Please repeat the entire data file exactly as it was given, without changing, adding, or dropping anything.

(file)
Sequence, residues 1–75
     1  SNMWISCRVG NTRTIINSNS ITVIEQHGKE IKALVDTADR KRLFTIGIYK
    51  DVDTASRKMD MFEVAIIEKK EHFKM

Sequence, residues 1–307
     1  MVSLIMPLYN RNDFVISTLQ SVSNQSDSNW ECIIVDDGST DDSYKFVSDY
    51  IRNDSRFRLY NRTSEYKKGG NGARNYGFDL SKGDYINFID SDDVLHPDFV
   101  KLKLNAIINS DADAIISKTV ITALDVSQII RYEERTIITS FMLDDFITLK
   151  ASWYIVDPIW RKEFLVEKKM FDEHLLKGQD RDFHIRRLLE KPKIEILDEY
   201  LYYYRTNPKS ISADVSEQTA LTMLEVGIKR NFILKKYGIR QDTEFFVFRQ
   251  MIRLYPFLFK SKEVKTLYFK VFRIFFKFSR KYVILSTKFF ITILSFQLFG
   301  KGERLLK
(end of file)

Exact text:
Sequence, residues 1–75
     1  SNMWISCRVG NTRTIINSNS ITVIEQHGKE IKALVDTADR KRLFTIGIYK
    51  DVDTASRKMD MFEVAIIEKK EHFKM

Sequence, residues 1–307
     1  MVSLIMPLYN RNDFVISTLQ SVSNQSDSNW ECIIVDDGST DDSYKFVSDY
    51  IRNDSRFRLY NRTSEYKKGG NGARNYGFDL SKGDYINFID SDDVLHPDFV
   101  KLKLNAIINS DADAIISKTV ITALDVSQII RYEERTIITS FMLDDFITLK
   151  ASWYIVDPIW RKEFLVEKKM FDEHLLKGQD RDFHIRRLLE KPKIEILDEY
   201  LYYYRTNPKS ISADVSEQTA LTMLEVGIKR NFILKKYGIR QDTEFFVFRQ
   251  MIRLYPFLFK SKEVKTLYFK VFRIFFKFSR KYVILSTKFF ITILSFQLFG
   301  KGERLLK